National Institute of Mental Health (NUDZ) and UNICEF, in partnership with WHO, launch programme to address mental health and psychosocial well-being of primary school students and teachers in the Czech Republic
The programme aims to equip teachers with the skills to support children's mental health and contribute to the inclusion of Ukrainian children in Czech schools.
The number of children and adolescents with mental health issues has grown in recent years. According to WHO, up to 14% of children and adolescents aged 10-19 experience some form of mental illness, with half of the symptoms appearing before the age of 14. The COVID-19 pandemic has exacerbated existing mental health issues among children.
The war in Ukraine has deepened the need for psychosocial support and mental health services. The refugee experience poses a significant mental health challenge for more than 8 million people from Ukraine who have fled the country.
"Approximately one in seven children struggle with mental health issues. Mental health in schools has not received much attention until recently. The war in Ukraine has highlighted this need - since the war began, almost 40,000 children from Ukraine have entered Czech primary schools. In addition to the trauma associated with war and involuntary migration, these children face a language barrier - only 10% of children speak the language. This is also one of the reasons, they rarely participate in leisure activities," explains Petr Winkler, Director of the National Institute of Mental Health.
This is why the Czech Republic’s National Institute of Mental Health (NUDZ) and UNICEF, in cooperation with WHO, developed a project to address the mental health and psychosocial needs of both refugees and their host communities. The aim is to improve wellbeing in Czech primary schools and to train teachers to be supportive to both their current and newly arriving students.
"At the beginning of the project, we did thorough research and analysis of what challenges each group most often faces. Teachers can often struggle with exhaustion or burnout as they have a number of students with significantly different needs. Some teachers do not know exactly how to respond when dealing with pupils who have been through a highly stressful event. That’s why the teachers interviewed wanted to learn more about trauma, its manifestations and how to respond to it, how to react when a pupil has a panic attack and how to prevent burnout syndrome themselves," says Anna Kagstrom from the National Institute of Mental Health. The most common needs of pupils are inclusion to the local community and understanding of their surroundings. They also need to feel there are options for support where they can turn for help.
"Children and adolescents affected by war and humanitarian crises face complex challenges that can have a significant impact on their mental health. Equipping teachers with skills to promote and provide the necessary psychosocial support for children and adolescents is critical. UNICEF is pleased to partner with NUDZ in supporting children build their psychosocial resilience and expanding access to psychosocial support services in schools.” says Rita Neves, Head of the Child Protection Unit at UNICEF Refugee Response Office in the Czech Republic.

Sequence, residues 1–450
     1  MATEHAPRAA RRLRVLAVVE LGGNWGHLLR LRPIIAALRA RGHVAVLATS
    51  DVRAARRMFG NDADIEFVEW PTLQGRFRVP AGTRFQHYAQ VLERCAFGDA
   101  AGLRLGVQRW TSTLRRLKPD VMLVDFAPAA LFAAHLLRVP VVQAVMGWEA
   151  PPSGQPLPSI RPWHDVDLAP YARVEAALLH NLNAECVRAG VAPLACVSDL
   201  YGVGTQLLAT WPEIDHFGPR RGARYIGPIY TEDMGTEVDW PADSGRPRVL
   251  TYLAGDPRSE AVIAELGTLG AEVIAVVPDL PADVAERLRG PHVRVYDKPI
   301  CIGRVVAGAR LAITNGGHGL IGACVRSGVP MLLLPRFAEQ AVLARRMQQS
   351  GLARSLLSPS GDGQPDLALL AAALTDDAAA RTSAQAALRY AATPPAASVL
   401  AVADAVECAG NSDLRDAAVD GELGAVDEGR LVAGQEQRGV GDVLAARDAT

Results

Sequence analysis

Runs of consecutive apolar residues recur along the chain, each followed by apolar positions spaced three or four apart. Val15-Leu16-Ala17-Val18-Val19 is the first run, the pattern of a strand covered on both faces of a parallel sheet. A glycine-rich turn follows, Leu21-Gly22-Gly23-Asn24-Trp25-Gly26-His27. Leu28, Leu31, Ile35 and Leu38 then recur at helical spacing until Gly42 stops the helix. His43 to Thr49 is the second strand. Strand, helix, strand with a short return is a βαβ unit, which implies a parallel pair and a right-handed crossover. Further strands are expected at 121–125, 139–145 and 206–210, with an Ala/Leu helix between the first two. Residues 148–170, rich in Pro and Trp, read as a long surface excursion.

"The past few years have been difficult, especially for children. First because of the isolation caused by the COVID-19 pandemic and now because of the war in Ukraine. We are aware of the importance of this large-scale inclusive project aimed at children and adolescents from the Czech Republic and those coming from Ukraine. The interventions carried out by the school teachers are essential in maintaining the mental well-being of children or recommending specialized services," said WHO Humanitarian Project Coordinator Roksolana Kulchynská.
In the new training project, teachers are offered a one-day training, free of charge, where they will get information on how to work with children who have been through challenging events, build empathy, manage difficult situations and communicate openly, and how to take care of themselves. The training is comprehensive, which has been appreciated by the first batch of participants: 90% of them rate the training with 5 stars, and 93% would recommend the training to colleagues. Participants especially appreciated the high level of expertise and the quality of the presentation and teaching materials. "I definitely took away a lot. Initially I expected it to be very theoretical and generic, but in the end, I got a lot of materials that are interesting, easy to understand and can be immediately put into practice. Mental health concerns everyone - everyone has some problems, whether they are bigger or smaller, it is important to pay attention to them," says Marek Mikš, a school psychologist and graduate of the seminar in Prague.
Experts from the National Institute of Mental Health plan to train 600 teaching staff by the end of May 2023. The project is intended primarily for teachers of students aged 10-14 and training sessions are planned across the Czech Republic. A list of dates can be found at https://dzda.cz/skoleni/ and in addition to the dates already announced, a seminar can also be organized on request.
UNICEF promotes the rights and wellbeing of every child, in everything we do. Together with our partners, we work in 190 countries and territories to translate that commitment into practical action, focusing special effort on reaching the most vulnerable and excluded children, to the benefit of all children, everywhere.
For more information about UNICEF and its work for children, visit https://www.unicef.org/eca/.